Solid state welding processes offer several advantages over fusion processes:

No melting occurs generally


The heat input is lower than in fusion processes
There is less disruption to the microstructures of the materials being joined and
hence less effect on their properties.
Problems of hot cracking and porosity
A cast solidification microstructure at the weld, are avoided.

In the absence of fusion, intermixing of the materials involved tends to be minimal on a


macroscopic scale in most of these processes, and so materials of dissimilar compositions
can often be joined.

This group of welding processes includes cold welding, hot pressure welding, forge
welding, roll welding, explosion welding, friction welding, ultrasonic welding, magnetic
pulse welding and diffusion welding. It is interesting to note that some of the oldest
welding processes ever used are solid state processes (forge welding) as also some of the
newest (friction stir welding). In this report, I examine briefly the solid state welding
processes that are commonly used in the joining of aluminium alloys.
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COLD WELDING

Cold welding (CW) is performed without the addition of heat. An external pressure is
applied to the two parts being joined, resulting in substantial plastic deformation.
Accordingly, a fundamental requirement of CW is that at least one of the materials being
joined is ductile and does not display significant work hardening.
As such, commercially pure aluminium and some of its alloys are well suited to CW.
CW can be conducted in both butt and lap configurations, In the butt mode, the metal
expelled from the joint during welding has to be removed mechanically.
The plastic deformation occurring in the butt mode breaks up the oxides on the surface
and these are also expelled with the flash
.
Pre-cleaning of the faying surfaces conditions
pre-cleaning of the faying surfaces is not as critical for butt joints, but in lap joints,
surface cleaning is critical, usually degreasing followed by wire brushing is carried out. It
is also important that there is little delay between the cleaning and CW.
While CW does not produce a HAZ, it does produce a mechanically affected zone
(MAZ) at the bond region, where the material has been subjected to strain hardening as a
result of the imposed plastic deformation.
Tensile testing of samples from a butt joint of commercially pure aluminium, designed to
fail at various regions in the MAZ has shown that the tensile strength of the bond is
higher than that of the base material, and that in a standard tensile test, failure occurs
away from the bond line, in the unaffected base material .
Aluminium alloys of the 2xxx and 7xxx series, which cannot be fusion welded due to
their tendency for hot cracking, can be successfully cold welded in the butt configuration.
Butt joints can be made in most aluminium alloy wire, rod, tubing and simple extruded
shapes.
An upset distance of approximately 1.5 times the material thickness is required for butt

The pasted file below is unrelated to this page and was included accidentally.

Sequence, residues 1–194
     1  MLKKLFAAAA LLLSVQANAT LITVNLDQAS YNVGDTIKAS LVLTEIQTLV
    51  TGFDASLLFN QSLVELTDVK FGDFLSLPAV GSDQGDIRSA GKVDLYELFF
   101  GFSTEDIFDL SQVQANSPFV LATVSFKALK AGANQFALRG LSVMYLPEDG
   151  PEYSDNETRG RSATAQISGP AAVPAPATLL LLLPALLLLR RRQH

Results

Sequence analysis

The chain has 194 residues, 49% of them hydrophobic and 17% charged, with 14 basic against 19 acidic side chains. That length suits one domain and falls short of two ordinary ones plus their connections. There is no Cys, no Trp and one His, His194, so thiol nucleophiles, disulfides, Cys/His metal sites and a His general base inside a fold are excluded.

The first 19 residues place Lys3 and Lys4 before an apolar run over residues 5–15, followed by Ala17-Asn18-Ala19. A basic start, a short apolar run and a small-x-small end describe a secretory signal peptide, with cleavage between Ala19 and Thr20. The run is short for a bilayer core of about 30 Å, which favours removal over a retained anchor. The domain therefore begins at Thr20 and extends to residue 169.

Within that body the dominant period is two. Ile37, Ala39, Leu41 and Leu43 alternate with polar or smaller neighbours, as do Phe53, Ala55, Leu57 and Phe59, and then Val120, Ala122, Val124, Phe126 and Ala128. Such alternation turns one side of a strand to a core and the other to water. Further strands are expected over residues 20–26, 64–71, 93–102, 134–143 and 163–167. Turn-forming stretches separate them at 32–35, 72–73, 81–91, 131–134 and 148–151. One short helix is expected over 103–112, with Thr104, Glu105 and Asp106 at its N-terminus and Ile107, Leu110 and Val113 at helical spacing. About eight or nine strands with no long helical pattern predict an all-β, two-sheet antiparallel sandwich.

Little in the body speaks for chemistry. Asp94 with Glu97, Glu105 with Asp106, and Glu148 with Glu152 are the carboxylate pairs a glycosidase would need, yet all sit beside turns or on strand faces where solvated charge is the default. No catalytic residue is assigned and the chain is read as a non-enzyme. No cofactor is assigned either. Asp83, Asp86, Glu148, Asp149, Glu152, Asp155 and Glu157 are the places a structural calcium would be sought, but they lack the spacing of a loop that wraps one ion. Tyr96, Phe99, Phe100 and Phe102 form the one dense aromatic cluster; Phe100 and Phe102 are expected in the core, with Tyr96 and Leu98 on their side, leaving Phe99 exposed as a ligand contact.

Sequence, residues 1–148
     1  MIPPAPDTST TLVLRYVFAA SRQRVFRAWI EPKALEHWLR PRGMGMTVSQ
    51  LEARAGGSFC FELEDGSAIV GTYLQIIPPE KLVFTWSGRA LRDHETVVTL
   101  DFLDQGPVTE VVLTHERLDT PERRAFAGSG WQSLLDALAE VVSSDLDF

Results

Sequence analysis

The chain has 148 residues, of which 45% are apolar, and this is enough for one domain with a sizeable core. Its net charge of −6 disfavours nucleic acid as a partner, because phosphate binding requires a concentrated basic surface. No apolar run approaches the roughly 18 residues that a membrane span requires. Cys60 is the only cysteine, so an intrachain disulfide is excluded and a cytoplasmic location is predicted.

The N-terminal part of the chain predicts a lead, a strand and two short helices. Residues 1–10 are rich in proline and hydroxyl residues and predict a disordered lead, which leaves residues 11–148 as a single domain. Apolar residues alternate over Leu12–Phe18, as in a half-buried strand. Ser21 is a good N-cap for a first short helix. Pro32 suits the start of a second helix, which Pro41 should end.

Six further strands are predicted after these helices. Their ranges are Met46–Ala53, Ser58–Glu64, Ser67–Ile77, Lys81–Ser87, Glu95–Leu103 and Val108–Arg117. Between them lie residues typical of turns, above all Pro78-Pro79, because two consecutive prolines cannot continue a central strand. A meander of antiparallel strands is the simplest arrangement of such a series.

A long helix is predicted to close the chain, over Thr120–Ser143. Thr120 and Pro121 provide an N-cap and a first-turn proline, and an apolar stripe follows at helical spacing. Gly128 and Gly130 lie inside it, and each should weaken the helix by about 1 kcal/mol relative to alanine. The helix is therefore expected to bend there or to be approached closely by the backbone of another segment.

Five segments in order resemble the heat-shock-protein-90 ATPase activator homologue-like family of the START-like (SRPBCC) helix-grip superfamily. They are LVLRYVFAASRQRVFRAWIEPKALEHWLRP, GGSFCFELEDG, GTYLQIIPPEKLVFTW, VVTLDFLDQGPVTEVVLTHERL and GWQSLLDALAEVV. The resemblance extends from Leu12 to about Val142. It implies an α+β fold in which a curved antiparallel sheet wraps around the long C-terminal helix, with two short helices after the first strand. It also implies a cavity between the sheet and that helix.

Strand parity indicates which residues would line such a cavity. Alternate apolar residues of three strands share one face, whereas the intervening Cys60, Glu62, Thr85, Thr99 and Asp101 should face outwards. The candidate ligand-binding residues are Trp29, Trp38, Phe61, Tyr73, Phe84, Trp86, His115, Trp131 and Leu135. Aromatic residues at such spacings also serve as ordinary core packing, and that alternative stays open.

joints in soft annealed alloys; higher strength alloys require greater upset distance, about
45 times the material thickness. Welds in lap joints require a thickness reduction of
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about 70% at the weld location.

EXPLOSION WELDING

Explosion welding uses energy from the detonation of an explosive to produce a solid
state weld.
Explosion welding is limited to lap joints and to cladding of parts with a second metal.
The process is used for cladding carbon steel, stainless steel, copper or titanium with
aluminium.
Conventional fusion welding is used to weld similar metal on each side of the segment.
In effect, aluminium to steel joining is achieved, without the problems associated with
joining these two metals directly to each other.

Procedure

The controlled detonation of a properly placed and shaped explosive charge


causes the properly aligned workpieces to come together extremely rapidly, at a
low contact angle.
When this occurs, the air between the workpieces is squeezed out at supersonic
velocities.
The resulting jet cleans the metal surfaces of oxides and causes highly localised
rapid heating to high temperatures.
The high strain rate deformation occurring at the immediate vicinity of the
impacting parts, caused additional heating.
The clean surfaces are compressed together under high pressure from the
explosion, which promotes the formation of a metallurgical bond.
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The bond zone of an explosion weld has a characteristic wavy appearance,
reflecting the severe, highly localized plastic deformation occurring in the
process.

MAGNETIC PULSE WELDING (MPW)

Magnetic pulse welding (MPW) is analogous to explosion welding in that the high
velocity impact and jet phenomenon occur, but the energy required is produced by
magnetic pulses, rather than by controlled explosion.
The process is ideally suited for metals with high conductivity, such as aluminium and
copper. As a solenoid coil is used, the process is limited to tubular parts, but in a recent
development either a double layer H-shaped coil or a single layer E-shaped coil is used
for joining flat, overlapping sheets of aluminium and steel.
Procedure

A typical MPW system, shown in Figure (a) below, consists of a power